FIG. 6 depicts yet another embodiment of the first attachable body member 22 and attachable second body member 40. In this embodiment, the offset end surfaces 54 that provide access to the channels 26 and central cavity 44, are formed at other than a right angle to the axis of the peripheral surface of the cylindrical section 12. Thus, the offset surfaces 54 to be connected form an ellipse which allows the body members to be coupled together in a manner that will automatically align the channels 26. Further, after the members are connected together, the last body member of a device 10 can accept the application of a torque and transmit that torque to the next attached section body member the offset connected surfaces 54. This will decrease the chance that a particular connector or body member would slip and allow adjacent body members to rotate relative to each other. Any such rotation might result in displacement of the radiation source 28 and certainly would introduce ambiguity in the orientation of the radiation source 28. Since certain changes may be made in the above device without departing from the scope of the invention herein involved, it is intended that all matter contained in the above description or shown in the accompanying drawings shall be interpreted in an illustrative and not in a limiting sense.

Patent Citations
Cited PatentFiling datePublication dateApplicantTitle
US1603767 *Mar 12, 1926Oct 19, 1926John HarrisMeans for treating organs of the body
US3224432 *Apr 10, 1963Dec 21, 1965Billingsley Frank SDevice for irradiating a body cavity
US3351049 *Apr 12, 1965Nov 7, 1967Hazleton Nuclear Science CorpTherapeutic metal seed containing within a radioactive isotope disposed on a carrier and method of manufacture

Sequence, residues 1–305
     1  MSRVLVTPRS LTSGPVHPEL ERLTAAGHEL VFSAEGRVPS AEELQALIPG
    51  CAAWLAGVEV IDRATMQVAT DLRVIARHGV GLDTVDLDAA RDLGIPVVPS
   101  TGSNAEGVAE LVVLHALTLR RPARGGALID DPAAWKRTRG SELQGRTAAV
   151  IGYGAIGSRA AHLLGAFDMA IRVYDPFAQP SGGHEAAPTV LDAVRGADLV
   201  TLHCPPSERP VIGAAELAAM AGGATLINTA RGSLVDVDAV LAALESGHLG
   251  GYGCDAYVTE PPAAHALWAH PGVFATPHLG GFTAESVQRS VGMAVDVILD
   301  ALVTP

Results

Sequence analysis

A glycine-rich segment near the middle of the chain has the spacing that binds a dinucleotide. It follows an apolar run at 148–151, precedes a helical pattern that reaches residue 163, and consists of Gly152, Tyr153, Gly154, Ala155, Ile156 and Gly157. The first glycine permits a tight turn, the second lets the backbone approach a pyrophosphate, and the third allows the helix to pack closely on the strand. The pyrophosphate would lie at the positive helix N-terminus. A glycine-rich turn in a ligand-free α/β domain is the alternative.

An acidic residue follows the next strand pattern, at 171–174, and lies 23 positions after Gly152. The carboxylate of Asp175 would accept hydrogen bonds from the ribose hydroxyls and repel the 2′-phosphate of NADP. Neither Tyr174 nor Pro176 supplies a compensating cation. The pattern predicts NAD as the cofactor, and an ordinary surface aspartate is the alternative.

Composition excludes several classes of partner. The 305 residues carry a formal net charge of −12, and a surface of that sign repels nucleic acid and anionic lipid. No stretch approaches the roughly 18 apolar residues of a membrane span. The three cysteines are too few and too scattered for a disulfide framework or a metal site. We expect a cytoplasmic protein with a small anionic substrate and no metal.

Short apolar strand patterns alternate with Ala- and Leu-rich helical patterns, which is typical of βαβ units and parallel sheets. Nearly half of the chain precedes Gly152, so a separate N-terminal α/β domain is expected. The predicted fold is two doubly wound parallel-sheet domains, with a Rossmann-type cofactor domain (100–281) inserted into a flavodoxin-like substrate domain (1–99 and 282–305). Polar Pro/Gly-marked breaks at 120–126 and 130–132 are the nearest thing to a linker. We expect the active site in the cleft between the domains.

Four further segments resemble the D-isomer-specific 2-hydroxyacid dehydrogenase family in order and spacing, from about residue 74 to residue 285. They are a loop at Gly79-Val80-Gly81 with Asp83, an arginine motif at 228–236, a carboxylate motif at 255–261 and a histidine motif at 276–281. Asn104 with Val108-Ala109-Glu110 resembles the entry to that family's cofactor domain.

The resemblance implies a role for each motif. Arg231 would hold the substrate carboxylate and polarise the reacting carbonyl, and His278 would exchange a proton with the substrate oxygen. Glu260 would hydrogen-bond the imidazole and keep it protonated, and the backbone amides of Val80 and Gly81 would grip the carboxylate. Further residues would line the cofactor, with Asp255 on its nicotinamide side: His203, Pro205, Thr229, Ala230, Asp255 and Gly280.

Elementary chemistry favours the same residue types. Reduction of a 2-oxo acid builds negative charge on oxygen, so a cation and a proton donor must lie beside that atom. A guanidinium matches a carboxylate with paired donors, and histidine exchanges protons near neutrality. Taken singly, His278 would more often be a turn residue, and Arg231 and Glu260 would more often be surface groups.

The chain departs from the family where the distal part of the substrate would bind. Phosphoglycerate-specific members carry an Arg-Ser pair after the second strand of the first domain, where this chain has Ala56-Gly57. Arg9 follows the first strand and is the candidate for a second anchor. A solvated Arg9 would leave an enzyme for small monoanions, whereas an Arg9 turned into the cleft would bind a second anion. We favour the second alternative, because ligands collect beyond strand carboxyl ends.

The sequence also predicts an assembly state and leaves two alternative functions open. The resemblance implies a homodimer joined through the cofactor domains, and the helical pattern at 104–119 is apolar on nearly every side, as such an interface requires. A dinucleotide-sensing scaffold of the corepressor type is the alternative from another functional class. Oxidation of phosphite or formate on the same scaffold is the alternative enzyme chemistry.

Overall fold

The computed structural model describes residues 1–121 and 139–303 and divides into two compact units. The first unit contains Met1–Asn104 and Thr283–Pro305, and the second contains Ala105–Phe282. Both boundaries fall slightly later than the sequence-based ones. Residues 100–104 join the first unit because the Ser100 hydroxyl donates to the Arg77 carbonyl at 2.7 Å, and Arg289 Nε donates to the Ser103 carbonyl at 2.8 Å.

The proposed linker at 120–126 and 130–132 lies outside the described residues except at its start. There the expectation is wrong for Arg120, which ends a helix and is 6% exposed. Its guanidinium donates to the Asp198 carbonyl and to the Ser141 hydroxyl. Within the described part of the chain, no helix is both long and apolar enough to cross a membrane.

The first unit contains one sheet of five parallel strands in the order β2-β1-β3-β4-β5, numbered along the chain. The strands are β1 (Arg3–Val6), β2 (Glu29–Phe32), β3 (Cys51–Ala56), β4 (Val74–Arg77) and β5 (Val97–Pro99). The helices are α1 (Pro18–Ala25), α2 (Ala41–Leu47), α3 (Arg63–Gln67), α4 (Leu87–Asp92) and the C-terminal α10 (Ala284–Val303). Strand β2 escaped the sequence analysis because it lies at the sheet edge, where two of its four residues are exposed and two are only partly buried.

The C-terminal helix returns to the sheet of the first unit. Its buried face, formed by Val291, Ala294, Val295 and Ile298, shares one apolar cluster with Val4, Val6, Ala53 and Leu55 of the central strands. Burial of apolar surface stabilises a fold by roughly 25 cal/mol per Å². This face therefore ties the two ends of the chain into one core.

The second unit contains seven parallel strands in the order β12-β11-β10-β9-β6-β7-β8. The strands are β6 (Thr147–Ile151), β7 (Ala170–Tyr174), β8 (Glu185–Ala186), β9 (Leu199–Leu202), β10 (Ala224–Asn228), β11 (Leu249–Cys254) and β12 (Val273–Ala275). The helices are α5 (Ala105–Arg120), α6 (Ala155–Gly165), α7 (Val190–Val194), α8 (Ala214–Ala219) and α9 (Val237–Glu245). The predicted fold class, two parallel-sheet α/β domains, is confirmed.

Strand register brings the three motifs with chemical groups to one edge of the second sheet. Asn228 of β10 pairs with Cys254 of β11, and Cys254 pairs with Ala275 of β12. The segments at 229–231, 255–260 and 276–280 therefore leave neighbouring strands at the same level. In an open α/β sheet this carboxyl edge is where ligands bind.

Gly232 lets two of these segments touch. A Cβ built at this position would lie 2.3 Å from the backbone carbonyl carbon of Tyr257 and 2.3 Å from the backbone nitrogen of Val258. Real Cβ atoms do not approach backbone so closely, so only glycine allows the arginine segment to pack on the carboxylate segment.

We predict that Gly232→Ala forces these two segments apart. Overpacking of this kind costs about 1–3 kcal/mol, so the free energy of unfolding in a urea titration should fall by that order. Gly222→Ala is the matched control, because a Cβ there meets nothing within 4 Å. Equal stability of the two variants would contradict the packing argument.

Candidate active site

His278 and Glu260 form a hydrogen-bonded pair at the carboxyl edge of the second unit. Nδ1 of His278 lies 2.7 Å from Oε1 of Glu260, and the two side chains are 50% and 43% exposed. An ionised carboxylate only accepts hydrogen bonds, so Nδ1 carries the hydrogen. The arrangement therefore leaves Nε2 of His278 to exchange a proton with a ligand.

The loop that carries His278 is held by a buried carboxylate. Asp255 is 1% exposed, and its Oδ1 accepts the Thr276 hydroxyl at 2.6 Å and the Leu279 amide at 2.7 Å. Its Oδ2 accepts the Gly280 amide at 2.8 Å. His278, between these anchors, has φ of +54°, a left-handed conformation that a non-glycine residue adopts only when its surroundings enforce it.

US3505991 *Feb 13, 1968Apr 14, 1970Us Air ForceIntracorporeal vascular prosthetic blood irradiator
GB857992A * Title not available
Non-Patent Citations
Reference
1 *Swanberg, Improved Uterine Radiation Applicator, Am. Jrnl. Surg., Apr., 1930, pp. 862 865.
2Swanberg, Improved Uterine Radiation Applicator, Am. Jrnl. Surg., Apr., 1930, pp. 862-865.
Referenced by
Citing PatentFiling datePublication dateApplicantTitle
US4847505 *Nov 2, 1987Jul 11, 1989Best Industries, Inc.Storage and transport containers for radioactive medical materials
US4936823 *May 4, 1988Jun 26, 1990Triangle Research And Development Corp.Transendoscopic implant capsule
US4957476 *Jan 9, 1989Sep 18, 1990University Of PittsburghAfterloading radioactive spiral implanter
US5059166 *Dec 11, 1989Oct 22, 1991Medical Innovative Technologies R & D Limited PartnershipIntra-arterial stent with the capability to inhibit intimal hyperplasia
US5084002 *Aug 4, 1988Jan 28, 1992Omnitron International, Inc.Platinum wire
US5092834 *Oct 12, 1990Mar 3, 1992Omnitron International, Inc.Apparatus and method for the remote handling of highly radioactive sources in the treatment of cancer